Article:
On the sixth trip, a person rented the Jeep for another two-day trip to the beach. They drove 599 miles and I made $151.87. They had a blast because it was covered in sand when it was returned which wasn’t a big deal because it all vacuumed right out.
On my seventh trip, the person rented it for two days. Because of all the miles being added up, I changed it from unlimited miles to 200 a day. They drove a reasonable 351 miles and I made $136.50.
When I rented it out to person eight, I didn’t know this would be my last person. I had another six rentals out there ready to go. This person did nothing wrong and drove it only 69 miles.
I made $60.56
Really after the fifth person, I saw this going downhill. It started to become cumbersome having to clean the vehicle all the time and having to find someone to help me pick it up or deliver it.
I reached out to the other people and let them know I was removing it from the marketplace because I wanted to protect the vehicle from any other potential damage. The biggest problem though really was that I couldn’t get over looking at the amount of money made versus the amount of miles put on my vehicle. It was not a sustainable model at all.
Over 8 trips, I made $1634.74 in a 6-week period. Compared to my expenses including the car payment, insurance, cleaning, and maintenance, this is about a break-even situation. The only benefit is that someone else is making your car payment. The negative to that is someone else doesn’t really care about your car. Even if you did this for long enough to pay off the car, it would be in very rough shape.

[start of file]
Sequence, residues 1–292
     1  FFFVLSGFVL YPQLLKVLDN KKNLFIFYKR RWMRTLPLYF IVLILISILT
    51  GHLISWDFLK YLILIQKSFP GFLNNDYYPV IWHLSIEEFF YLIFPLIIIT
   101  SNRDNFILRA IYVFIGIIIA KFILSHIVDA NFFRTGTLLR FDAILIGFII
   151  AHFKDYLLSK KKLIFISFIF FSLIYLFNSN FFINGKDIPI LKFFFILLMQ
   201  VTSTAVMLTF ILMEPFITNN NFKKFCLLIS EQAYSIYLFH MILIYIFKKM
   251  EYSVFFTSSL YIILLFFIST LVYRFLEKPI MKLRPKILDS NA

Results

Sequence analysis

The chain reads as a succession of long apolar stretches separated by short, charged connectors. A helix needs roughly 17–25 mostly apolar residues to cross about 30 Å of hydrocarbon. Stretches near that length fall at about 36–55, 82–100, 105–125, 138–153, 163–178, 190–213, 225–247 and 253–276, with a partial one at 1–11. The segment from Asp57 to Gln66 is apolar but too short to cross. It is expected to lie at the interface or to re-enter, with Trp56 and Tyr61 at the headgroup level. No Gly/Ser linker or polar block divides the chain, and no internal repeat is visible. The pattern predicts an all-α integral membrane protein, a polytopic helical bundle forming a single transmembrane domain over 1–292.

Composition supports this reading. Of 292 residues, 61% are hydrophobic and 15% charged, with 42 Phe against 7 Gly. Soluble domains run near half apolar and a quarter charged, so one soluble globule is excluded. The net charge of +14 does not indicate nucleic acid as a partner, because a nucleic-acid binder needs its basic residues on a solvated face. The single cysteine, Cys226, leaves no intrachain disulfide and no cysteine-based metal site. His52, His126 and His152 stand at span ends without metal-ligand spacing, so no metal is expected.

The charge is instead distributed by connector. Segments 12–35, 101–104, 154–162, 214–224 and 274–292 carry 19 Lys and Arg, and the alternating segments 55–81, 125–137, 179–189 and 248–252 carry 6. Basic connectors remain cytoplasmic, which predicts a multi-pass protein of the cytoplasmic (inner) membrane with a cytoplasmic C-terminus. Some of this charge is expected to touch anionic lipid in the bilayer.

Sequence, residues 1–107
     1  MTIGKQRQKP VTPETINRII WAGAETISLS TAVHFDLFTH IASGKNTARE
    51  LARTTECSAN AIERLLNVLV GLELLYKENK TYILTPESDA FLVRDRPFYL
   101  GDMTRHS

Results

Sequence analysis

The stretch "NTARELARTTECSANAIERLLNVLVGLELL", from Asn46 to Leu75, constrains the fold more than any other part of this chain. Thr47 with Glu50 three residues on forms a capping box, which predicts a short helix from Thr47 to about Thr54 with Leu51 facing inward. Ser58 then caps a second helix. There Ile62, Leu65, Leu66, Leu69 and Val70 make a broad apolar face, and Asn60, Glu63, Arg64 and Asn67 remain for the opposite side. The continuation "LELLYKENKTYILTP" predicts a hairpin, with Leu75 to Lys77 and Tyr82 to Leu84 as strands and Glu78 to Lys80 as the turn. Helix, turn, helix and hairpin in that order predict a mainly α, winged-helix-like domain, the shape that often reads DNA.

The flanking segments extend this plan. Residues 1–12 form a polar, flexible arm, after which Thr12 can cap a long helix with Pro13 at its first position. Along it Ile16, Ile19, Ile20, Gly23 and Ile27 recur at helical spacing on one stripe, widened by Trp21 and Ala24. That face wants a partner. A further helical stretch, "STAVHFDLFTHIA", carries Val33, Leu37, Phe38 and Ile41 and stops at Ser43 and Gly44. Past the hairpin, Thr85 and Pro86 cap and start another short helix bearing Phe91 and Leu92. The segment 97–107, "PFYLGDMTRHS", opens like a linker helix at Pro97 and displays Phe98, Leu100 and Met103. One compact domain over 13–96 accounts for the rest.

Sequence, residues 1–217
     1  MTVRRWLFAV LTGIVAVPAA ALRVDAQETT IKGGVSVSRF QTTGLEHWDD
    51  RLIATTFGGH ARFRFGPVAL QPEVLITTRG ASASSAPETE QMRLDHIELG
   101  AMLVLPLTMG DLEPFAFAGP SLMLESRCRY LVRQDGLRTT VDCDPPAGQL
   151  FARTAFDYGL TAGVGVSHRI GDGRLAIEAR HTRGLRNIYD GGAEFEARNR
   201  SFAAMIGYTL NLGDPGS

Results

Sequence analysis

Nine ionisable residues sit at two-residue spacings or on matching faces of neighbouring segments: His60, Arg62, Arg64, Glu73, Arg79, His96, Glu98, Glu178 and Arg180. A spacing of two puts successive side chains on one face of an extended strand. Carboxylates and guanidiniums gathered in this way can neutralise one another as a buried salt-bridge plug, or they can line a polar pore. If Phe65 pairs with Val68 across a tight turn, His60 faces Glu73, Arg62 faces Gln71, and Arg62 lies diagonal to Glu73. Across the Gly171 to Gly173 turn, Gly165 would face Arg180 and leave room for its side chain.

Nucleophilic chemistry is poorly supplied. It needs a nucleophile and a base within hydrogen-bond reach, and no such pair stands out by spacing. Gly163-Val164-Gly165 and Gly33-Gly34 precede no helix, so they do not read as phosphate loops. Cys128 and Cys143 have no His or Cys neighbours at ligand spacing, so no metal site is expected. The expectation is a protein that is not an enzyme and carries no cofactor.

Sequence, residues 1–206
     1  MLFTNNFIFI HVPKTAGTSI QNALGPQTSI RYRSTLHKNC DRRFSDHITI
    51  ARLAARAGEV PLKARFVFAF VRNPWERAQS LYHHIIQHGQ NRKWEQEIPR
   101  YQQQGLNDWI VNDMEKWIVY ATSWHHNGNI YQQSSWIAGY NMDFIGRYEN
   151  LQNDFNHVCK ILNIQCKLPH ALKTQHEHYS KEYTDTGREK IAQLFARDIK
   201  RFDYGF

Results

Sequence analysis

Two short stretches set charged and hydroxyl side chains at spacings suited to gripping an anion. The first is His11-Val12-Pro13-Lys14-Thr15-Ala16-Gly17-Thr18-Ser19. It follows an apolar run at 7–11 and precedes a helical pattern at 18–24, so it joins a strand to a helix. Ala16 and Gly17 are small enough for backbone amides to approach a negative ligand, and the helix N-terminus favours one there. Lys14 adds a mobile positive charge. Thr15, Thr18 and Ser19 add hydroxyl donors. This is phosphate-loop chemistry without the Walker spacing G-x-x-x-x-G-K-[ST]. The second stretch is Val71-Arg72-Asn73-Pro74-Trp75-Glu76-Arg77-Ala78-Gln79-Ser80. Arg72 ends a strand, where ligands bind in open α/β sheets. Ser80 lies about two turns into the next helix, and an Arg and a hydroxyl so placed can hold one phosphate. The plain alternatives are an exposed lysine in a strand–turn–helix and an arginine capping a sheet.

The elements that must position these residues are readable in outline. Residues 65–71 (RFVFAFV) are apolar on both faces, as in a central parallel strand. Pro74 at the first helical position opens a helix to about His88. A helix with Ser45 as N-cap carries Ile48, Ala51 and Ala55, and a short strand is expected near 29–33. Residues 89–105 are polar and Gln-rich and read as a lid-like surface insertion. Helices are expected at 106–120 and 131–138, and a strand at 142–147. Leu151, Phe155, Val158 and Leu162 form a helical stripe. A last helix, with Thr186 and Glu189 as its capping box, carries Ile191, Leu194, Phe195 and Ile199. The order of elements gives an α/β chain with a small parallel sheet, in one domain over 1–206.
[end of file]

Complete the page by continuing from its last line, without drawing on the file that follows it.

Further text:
I know some people would say get a car with a lesser payment. I thought about that, but there are a ton of Toyota Corollas out there on Turo. The draw and why I kept the Jeep rented out so much I believe was because it was a Jeep. Before I owned a Jeep, I used Turo myself while on vacation to rent a Jeep. It’s a novelty vehicle for sure.
Over 8 trips, the vehicle racked up 5333 miles. At the federal mileage rate of 0.625 which it is currently, that would be $3,333.13. That is a far stretch from what I made. It actually makes for a strong usage case for a Turo user versus a host. If you get paid mileage, find an unlimited mileage vehicle on Turo and rent it with your own money. Then submit your miles to your employer. You would still make money in nearly all cases off the mileage but not put the wear and tear on your own vehicle.
With all of these factors and trips in mind, I will not say that Turo is a waste. I would just say to go into it with your eyes open. Set up rules to protect your vehicle and be very aware of Turo’s rules that aren’t always favorable to the host. And by no means would I ever list your daily driver on the service!
My Jeep remains off for Turo now and is available for friends and family to use any time they like. They just have to sign my 16-page contract and take a 30-minute lesson on removing the top. It ain’t easy!